The Conservatives kicked off the first full week of being back in the House of Commons by urging the government to ban Huawei from the 5G network.
And in response, Public Safety Minister Bill Blair said naming any one firm as a security concern is “entirely inappropriate.”
Throughout question period on Monday, the Tories pressed the government for answers about the future of the Chinese telecommunications firm and whether it will be allowed into the Canadian 5G network over the coming years, despite allies banning it from their own networks over fears of spying.
“China is known to have hacked Canadian companies and governments and spread misinformation in our own country,” said Conservative MP Glen Motz.
“China is not acting like a friend or partner. We know that Huawei is a real threat to compromise our internet communications. When will the Liberal government finally make the decision to ban Huawei?”
Blair stood to respond, suggesting the Conservatives should not be naming any one firm.
“Mr. Speaker, while it’s entirely inappropriate to speak of a particular company, a very thorough examination of the associated security and economic considerations in the 5G decision is well underway,” he said.
“We want to make sure Canadians have access to the most beneficial 5G technology, and at the same time, that Canadians are safe, that their systems will not be compromised.”
Conservative MP Steven Blaney pushed back, noting Canadian allies have also expressed concerns about what security experts have described as the potential for Huawei technology to be used as a backdoor for spying, given a Chinese law that requires Chinese companies to comply with state-ordered requests to spy.
“On the contrary, Mr Speaker, it’s very relevant to talk about Huawei because our partners from the Five Eyes excluded this Chinese company from development of 5G because they suspect Huawei is a national security problem and will intrude into personal data. The US, Australia, UK — they all excluded Huawei,” Blaney said.
“What are the Liberals waiting for to exclude Huawei or would they prefer that Canadians’ personal data end up in China?”
Blair pointed to a review underway by Canadian national security agencies that is looking into all threats posted to the development of the upcoming 5G network, often described as the next generation in internet connectivity with faster speeds than what exist right now.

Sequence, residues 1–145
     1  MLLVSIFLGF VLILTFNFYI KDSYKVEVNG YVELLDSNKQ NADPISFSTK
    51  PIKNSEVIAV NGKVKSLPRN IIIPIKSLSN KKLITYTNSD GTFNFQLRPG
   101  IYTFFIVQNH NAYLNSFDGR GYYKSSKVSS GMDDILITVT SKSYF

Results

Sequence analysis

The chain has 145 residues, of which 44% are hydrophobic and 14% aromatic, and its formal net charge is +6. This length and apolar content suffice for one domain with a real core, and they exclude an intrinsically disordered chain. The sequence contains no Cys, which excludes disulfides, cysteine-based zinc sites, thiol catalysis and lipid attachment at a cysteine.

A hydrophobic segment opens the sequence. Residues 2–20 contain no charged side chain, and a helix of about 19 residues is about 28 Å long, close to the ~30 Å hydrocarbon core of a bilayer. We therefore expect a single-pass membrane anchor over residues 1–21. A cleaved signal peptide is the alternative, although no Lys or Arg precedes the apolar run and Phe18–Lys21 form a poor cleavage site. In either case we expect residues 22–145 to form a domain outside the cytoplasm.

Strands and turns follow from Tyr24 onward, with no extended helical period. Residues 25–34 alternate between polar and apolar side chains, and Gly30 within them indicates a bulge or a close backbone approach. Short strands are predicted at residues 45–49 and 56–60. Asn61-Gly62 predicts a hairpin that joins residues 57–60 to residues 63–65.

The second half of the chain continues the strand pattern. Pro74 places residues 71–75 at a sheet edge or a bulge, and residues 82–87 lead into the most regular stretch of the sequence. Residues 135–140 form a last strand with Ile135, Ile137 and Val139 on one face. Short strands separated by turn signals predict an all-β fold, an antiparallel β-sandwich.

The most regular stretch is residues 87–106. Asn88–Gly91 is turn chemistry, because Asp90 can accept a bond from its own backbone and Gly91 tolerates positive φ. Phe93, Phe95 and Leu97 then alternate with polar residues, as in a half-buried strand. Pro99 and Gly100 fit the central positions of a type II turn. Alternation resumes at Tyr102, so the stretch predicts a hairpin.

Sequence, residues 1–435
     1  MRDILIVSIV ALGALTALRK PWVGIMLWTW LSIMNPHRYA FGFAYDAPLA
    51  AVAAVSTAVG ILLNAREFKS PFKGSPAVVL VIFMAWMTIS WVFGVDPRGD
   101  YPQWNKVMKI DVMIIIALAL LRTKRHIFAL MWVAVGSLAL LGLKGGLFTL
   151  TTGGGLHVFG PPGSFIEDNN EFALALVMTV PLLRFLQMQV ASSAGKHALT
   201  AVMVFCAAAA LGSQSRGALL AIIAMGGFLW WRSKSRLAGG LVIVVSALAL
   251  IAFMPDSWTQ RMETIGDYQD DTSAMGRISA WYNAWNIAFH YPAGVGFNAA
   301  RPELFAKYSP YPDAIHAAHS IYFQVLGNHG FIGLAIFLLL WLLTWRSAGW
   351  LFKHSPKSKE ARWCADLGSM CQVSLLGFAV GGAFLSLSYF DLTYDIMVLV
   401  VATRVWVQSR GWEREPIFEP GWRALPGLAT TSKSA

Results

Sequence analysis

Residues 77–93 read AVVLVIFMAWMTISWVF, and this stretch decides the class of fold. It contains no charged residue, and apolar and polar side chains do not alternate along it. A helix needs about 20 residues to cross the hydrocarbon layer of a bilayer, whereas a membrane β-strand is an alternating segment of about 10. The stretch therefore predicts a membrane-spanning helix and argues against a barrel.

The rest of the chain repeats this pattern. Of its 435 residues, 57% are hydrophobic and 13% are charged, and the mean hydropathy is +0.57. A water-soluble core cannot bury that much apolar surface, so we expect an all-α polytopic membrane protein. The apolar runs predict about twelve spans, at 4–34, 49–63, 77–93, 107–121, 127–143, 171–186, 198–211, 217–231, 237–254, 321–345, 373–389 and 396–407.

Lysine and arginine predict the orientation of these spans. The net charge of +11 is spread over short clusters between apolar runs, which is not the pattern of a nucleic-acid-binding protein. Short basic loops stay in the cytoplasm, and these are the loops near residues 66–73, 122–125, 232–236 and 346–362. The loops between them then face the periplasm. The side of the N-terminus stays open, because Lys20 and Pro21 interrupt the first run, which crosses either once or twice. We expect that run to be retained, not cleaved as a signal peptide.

But he noted that security won’t be the only factor in the decision.
“Mr Speaker, our government takes the security of Canada’s telecommunication networks very seriously,” he said.
“We’ll continue to work with telecommunications service providers and the vendors through this collaborative program to mitigate the security concerns. We will examine all the security, economic and global considerations in making this determination.”
Conservative MP Tamara Jansen pressed again, asking whether the government will follow the lead of its allies.
Blair did not give a clear answer.
“Our government respects the scientific integrity but we will continue to listen carefully to the advice of our public security officials as we make this important decision for Canadians,” he said.
As those questions were happening, the Conservatives also put out a press release from both Motz and Pierre Paul-Hus, who is the Tory’s critic for public safety.
In it, they urged the government to finally make a decision to give certainty to the private sector.
“Canadians expect answers on why this decision has been, and continues to be, delayed. As we stated earlier, Canada is a G7 country and its government must govern itself accordingly,” the statement said.
“On behalf of Canadians, the private sector and other stakeholders, we appreciate your attention to this matter. We await your response.”
Former public safety minister Ralph Goodale had promised earlier in the year that a decision would come before the federal election.
However, the Liberals moved that timeline and it is now unclear when any decision will be made.
Canadian telecom companies are expected to head to an auction for a key spectrum in the future 5G network in either 2020 or 2021.
The bans by Canadian allies targeting Huawei have ranged from blanket bans with exemptions to more selective bans restricting the use of Huawei technology on government or critical infrastructure.
The U.S. has the most extensive ban, a sweeping executive order barring the company’s use by American telecom companies as well as on infrastructure networks deemed critical or essential.
That ban, however, has several exemptions for use in rural areas.
Australia and New Zealand also have broad bans on Huawei for their 5G networks.
Japan bars the company from public procurements while the U.K. has yet to make a decision on the future of Huawei there.
A leaked report earlier this year suggested British leaders were eyeing allowing Huawei only restricted access to non-critical parts of the 5G network.
Several European countries are also still considering whether to ban the firm, including Denmark, and India is also still weighing the matter.
But among the countries that have green-lit Huawei access to their 5G networks are Hungary, Malaysia, the United Arab Emirates and Russia.